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The federal Food and Drug Administration (FDA), faced with a series of legal actions from environmental groups, is poised to decide whether to move toward barring the toxic chemical bisphenol-A from food packaging.
The agency’s decision is expected by March 31.
Five years have passed since Environmental Working Group’s (EWG) groundbreaking 2007 study showed that BPA leached from epoxy linings of cans into surrounding food and drink. EWG’s tests showed the highest concentrations of the chemical, a synthetic estrogen, in canned soup, pasta and infant formula.
“FDA is the only agency with the power to protect consumers from being exposed to BPA from the food they eat,” said Sonya Lunder, senior research analyst for Environmental Working Group. “Let’s hope the agency’s upcoming decision will keep the public’s health at the forefront.”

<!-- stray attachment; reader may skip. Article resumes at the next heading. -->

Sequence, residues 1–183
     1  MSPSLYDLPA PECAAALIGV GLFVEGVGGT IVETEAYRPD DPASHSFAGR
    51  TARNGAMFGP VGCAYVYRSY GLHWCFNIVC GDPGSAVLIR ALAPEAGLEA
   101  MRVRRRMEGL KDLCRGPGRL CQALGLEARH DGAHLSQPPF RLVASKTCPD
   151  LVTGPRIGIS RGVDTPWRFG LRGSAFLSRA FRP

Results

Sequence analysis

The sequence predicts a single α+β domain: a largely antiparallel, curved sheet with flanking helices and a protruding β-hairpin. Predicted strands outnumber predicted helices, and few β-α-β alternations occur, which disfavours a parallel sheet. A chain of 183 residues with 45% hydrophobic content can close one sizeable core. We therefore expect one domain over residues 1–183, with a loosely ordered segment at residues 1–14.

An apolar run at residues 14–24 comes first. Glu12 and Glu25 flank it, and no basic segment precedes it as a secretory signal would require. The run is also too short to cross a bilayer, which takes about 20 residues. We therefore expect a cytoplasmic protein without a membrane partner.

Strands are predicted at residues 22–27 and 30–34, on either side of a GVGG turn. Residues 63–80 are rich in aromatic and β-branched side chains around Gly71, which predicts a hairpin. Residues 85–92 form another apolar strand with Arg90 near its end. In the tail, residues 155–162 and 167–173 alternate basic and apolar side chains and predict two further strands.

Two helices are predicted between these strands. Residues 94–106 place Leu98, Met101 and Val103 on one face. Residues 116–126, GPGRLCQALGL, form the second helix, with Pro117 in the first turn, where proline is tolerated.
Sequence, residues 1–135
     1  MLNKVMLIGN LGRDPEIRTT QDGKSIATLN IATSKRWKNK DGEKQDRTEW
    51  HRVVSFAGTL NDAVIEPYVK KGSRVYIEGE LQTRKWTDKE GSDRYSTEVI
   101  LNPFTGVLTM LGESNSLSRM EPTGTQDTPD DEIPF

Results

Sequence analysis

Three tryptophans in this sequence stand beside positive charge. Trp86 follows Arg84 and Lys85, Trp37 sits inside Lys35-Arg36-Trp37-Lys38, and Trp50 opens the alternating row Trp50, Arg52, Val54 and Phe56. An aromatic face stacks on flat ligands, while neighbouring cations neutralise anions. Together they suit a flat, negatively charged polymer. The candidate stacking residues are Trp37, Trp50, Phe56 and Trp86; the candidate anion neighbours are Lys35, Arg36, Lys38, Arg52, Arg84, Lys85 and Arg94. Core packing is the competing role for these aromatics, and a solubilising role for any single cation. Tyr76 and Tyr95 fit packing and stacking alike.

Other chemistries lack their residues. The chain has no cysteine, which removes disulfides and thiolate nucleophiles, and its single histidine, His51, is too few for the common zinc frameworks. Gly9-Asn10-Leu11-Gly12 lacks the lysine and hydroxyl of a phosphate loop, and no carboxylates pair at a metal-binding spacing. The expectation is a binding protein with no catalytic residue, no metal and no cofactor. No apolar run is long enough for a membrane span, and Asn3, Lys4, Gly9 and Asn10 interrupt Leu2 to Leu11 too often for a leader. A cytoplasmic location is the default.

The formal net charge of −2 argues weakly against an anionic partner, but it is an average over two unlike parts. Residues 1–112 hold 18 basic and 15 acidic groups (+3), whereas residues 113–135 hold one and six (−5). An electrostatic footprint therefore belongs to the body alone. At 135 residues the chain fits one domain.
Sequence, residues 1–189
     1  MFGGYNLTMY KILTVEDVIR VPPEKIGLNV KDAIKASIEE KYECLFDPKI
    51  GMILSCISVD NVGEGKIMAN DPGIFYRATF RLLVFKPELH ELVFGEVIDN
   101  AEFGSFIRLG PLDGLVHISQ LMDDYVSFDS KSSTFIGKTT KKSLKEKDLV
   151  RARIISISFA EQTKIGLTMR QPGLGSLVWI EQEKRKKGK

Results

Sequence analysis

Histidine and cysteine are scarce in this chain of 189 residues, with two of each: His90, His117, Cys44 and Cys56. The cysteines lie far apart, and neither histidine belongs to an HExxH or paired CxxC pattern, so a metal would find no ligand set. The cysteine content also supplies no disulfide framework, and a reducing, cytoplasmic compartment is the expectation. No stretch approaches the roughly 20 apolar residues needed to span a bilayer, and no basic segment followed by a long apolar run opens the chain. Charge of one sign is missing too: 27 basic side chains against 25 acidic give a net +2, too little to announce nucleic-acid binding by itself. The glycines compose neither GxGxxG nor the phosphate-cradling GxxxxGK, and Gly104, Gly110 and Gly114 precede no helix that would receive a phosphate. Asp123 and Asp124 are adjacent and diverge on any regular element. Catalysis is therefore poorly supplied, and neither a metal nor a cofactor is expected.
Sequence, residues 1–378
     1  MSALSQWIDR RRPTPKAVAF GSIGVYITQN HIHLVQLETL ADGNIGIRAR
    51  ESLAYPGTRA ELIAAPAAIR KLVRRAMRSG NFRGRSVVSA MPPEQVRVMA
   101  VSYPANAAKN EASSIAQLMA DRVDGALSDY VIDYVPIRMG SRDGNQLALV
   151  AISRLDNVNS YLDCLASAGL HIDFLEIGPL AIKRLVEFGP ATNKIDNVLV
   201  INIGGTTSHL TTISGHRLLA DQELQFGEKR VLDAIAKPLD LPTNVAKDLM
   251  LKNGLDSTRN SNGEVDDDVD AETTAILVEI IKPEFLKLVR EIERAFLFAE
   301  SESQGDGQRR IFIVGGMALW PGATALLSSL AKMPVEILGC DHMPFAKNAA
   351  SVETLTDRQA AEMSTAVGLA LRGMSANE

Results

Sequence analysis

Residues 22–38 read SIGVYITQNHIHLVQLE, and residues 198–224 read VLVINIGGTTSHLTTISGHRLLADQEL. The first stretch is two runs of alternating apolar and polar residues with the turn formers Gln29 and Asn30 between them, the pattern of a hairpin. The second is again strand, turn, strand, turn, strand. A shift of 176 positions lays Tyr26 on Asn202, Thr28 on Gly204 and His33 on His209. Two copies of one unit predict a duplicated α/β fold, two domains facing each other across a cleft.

A second EWG study in 2007 showed that 1 in 16 formula-fed infants were being exposed to levels of BPA toxic to animals in research studies.
Because BPA has been shown to disrupt the hormone system, EWG has repeatedly called on FDA to order it removed from food and beverage packaging, starting with infant formula.
The FDA decision comes as Campbell’s Soup has announced its intention to seek a safer substitute for BPA-laden epoxy in the linings of its cans.
“If one of the world’s largest food suppliers and users of BPA in its packaging feels it should move away from using it, maybe the federal health agency charged with protecting people from contaminated food will follow suit,” Lunder said.
The prevalence of BPA in the environment and in people was underscored by 2009 tests commissioned by EWG and Rachel’s Network that detected BPA for the first time in the umbilical cord blood of 9 of 10 American newborns.
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